Data isn’t information.
Information isn’t knowledge.
Knowledge isn’t manageable.
For me the first one concerns “tacit knowledge” (Michael Polyani‘s shorthand phrase for the fact that we can know more than we can tell, and not all know how is available to introspection), the knowledge that individuals or teams possess that can’t be separated from the person or group. As your startup grows your team is going to become individually and collectively more knowledgeable about the problems you are solving for your customers–at least, paraphrasing Edison, you will learn a lot of things that don’t work. It’s probably useful to focus as much on developing the people and teamwork by developing checklists and simple score keeping mechanisms as asking them to document everything.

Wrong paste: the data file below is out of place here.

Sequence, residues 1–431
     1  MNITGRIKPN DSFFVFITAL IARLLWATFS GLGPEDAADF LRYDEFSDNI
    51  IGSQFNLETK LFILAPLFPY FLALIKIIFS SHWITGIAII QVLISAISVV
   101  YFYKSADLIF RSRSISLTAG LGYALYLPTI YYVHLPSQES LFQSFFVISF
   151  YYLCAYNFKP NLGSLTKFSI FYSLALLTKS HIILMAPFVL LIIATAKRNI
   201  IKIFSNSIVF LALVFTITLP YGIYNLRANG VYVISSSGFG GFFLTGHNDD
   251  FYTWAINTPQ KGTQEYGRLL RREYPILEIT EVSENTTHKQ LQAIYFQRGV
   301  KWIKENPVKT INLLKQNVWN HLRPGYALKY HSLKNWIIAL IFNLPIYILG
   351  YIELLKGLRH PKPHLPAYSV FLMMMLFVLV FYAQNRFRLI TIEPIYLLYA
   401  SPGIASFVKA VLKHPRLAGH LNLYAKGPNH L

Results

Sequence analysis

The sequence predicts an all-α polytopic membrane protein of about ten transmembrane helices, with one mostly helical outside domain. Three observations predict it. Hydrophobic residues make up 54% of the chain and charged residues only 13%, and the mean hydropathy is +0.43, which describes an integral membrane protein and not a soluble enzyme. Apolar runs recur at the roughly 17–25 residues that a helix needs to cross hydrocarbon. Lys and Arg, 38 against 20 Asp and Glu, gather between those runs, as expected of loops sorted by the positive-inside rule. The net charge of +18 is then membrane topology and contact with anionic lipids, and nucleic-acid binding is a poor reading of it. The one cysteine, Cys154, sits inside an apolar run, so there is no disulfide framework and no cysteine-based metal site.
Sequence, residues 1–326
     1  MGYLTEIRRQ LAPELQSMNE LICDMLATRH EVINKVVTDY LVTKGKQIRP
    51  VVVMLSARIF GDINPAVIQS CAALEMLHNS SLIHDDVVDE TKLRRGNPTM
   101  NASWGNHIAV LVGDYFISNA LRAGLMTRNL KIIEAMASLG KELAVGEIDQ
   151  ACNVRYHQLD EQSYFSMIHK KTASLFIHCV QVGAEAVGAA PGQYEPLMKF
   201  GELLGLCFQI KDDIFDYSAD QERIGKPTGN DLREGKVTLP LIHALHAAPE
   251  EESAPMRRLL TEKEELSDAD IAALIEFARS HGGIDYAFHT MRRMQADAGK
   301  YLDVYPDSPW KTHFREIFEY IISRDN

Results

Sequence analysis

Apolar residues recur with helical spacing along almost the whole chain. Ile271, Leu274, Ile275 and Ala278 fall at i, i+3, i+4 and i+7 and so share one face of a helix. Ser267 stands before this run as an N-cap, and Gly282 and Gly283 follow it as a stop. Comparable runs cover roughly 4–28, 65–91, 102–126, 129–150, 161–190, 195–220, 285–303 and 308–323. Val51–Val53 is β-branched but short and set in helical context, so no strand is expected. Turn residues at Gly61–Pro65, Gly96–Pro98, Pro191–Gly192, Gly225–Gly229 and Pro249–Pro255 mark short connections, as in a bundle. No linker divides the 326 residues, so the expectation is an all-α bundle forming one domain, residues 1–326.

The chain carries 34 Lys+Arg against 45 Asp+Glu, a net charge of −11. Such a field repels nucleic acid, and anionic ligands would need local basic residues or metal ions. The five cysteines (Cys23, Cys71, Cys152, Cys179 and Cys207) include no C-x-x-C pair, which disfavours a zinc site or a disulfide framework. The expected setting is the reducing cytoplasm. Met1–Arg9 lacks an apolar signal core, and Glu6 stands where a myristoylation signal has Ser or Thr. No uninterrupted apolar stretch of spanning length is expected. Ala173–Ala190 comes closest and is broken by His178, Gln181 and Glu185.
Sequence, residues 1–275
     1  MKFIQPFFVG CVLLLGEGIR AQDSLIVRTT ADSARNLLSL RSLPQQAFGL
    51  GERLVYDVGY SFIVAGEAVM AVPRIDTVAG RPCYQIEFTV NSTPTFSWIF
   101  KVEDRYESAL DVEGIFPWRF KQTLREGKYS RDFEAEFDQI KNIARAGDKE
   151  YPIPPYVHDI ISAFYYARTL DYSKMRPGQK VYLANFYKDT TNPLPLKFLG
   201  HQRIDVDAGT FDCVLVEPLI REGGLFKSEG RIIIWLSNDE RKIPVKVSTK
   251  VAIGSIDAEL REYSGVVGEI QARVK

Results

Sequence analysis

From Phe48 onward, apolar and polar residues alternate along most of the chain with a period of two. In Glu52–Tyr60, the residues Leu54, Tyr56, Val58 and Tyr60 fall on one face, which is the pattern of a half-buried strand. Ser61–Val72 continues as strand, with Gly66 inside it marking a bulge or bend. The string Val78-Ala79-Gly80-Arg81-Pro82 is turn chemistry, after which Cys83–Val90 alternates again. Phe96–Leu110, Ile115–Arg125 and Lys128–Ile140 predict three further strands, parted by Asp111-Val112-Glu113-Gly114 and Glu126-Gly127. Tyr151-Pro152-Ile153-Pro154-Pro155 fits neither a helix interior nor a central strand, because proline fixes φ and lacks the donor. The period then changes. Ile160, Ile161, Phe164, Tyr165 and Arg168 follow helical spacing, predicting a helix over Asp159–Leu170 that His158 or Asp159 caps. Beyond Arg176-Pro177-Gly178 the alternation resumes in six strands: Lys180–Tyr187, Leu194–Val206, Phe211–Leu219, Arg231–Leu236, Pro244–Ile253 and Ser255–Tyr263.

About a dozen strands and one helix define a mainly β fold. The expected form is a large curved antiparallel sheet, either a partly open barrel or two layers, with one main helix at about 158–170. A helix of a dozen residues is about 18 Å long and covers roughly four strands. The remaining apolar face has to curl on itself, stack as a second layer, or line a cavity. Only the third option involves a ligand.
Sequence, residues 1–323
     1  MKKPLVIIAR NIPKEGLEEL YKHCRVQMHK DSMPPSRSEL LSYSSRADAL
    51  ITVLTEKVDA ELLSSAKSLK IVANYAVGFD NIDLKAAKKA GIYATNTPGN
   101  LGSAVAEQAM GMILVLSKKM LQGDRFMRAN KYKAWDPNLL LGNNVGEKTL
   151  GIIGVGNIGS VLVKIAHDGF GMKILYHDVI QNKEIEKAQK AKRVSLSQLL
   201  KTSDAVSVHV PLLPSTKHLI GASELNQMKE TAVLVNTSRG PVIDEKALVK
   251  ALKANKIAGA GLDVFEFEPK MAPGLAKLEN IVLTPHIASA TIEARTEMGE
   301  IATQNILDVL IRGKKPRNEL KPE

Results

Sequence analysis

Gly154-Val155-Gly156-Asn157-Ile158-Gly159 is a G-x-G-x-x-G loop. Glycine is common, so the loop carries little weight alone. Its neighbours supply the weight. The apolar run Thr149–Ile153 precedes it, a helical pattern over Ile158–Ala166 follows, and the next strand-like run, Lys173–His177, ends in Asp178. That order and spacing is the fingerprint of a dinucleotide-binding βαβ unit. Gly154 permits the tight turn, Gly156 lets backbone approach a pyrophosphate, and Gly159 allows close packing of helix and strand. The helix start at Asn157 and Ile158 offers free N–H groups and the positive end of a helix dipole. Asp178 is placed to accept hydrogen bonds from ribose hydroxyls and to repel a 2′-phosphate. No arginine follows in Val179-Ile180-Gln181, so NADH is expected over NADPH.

Functionality is not the same as usefulness.
There are many many things that can be developed that won’t get adopted, some may be purchased that are not adopted but that’s not a sustainable business model. Much of the risk in our startups has to do with your prospects perception of the usefulness of what you’ve developed (do they want to become paying customers), this can get ignored in the very early days when the team is more obsessed about being able to get a new technology or application working. It’s a very good idea to develop the demo before you finish the product (even if its’ just a one page illustration or prop) so you can assess if there is interest, does someone believe it will be useful.
A good idea is no match for a bad habit.
Large companies have recipes for a business that work and many roles you can fill as part of a successful team. As long as you are good at something they can balance your weaknesses with others who have complementary strengths. Startup founders have to periodically evaluate what they may be doing or failing to do that is holding the business back. They have to get rid of their bad habits because their business cannot afford them, and the strength of their ideas cannot overcome poor execution.
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